Both also perform abduction of the femur at the hip joint, as well as aid in medial rotation of the lower limb at the hip. When seen in lab, gluteus medius and minimus appear almost like a single muscle with a neurovascular plane passing between them.

The superior gluteal nerve, artery, and vein all dive between gluteus medius and gluteus minimus, serving gluteus medius from its deep side, but supplying gluteus minimus from its superficial side. After serving gluteus medius and minimus, the superior gluteal nerve continues laterally to meet the tensor of the fascia lata.

Other Hip Muscles in the Deep Gluteal Region

The five remaining muscles of the gluteal region are deep to the gluteus maximus.

Piriformis is a triangle-shaped muscle with its base taking origin off the anterior sacrum and slightly on the sacrotuberous ligament. The apex of its triangular shape is its insertion on the greater trochanter of the femur, which it reaches by traveling out of the pelvis through the greater sciatic foramen.

Piriformis can abduct the thigh, especially when the hip is flexed, but can also laterally rotate the hip. It is innervated by small segmental branches of the sacral plexus, which remember forms on the anterior surface of the sacrum from the braiding of ventral rami of L4 to S4.

Obturator internus originates on the deep side of the rim of the pelvis’s obturator foramen, as well as from the membrane that covers most of the foramen. The tendon of obturator internus leaves the pelvis through the lesser sciatic foramen, formed by the crossing of the sacrotuberous and sacrospinous ligaments.

The superior gemellus muscle flanks the superior edge of the tendon of obturator internus, and the inferior gemellus muscle flanks its inferior edge. Together, the three muscles insert into the medial aspect of the greater trochanter, near the intertrochanteric crest that runs posteriorly between the greater and lesser trochanters.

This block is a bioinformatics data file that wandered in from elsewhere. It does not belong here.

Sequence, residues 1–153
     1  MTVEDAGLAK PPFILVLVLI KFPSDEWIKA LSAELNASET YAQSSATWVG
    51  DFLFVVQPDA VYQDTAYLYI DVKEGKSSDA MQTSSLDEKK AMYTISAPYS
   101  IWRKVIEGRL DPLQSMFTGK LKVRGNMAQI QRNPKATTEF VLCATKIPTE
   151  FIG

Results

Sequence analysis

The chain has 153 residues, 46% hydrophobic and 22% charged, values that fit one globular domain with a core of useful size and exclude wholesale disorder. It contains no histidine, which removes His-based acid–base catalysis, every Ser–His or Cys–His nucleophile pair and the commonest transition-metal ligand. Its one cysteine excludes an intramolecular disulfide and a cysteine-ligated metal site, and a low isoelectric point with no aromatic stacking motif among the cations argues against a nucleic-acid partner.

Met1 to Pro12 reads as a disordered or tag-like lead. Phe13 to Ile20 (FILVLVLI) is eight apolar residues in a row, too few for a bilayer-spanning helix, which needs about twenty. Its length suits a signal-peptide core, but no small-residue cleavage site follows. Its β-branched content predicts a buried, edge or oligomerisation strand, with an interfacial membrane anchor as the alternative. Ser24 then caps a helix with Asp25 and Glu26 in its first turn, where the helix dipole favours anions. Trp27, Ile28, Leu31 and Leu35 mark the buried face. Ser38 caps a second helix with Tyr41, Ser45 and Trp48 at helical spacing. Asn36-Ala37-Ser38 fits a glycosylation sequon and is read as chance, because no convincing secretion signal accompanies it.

Separate Muscles

In the body, these three appear almost as one wide muscle with a single central tendon. Then later, more detailed dissections and electromyographic studies confirmed that the two gemelli—plural of gemellus, which means “little twin” in Latin—were actually separate muscles from obturator internus.

The superior gemellus originates off the ischial spine, and the inferior gemellus originates off the superior edge of the ischial tuberosity. They don’t pass through the lesser sciatic foramen; they originate on its lateral edge.

Inferior to the inferior gemellus is the quadratus femoris muscle. It originates on the lateral edge of the ischial tuberosity and inserts on the intertrochanteric crest. Together, all of these muscles—piriformis, superior gemellus, obturator internus, inferior gemellus, and quadratus femoris—all laterally rotate the hip joint and help stabilize it.

Common Questions about Muscles of the Hip

Q: How many hip muscles are there in human body?

The muscles that act on the hip are specifically in the gluteal region. There are not only three relatively large muscles with gluteal in their name, but also a series of five smaller muscles in the deep gluteal region.

Q: Which physical actions can gluteus maximus facilitate?

The gluteus maximus is the major extensor of the thigh, as when kicking the thigh back, but it also extends the trunk, like when we’re climbing stairs.

Q: What are the hip muscles in the deep gluteal region called?

The five muscles of the deep gluteal region are piriformis, superior gemellus, obturator internus, inferior gemellus, followed by quadratus femoris.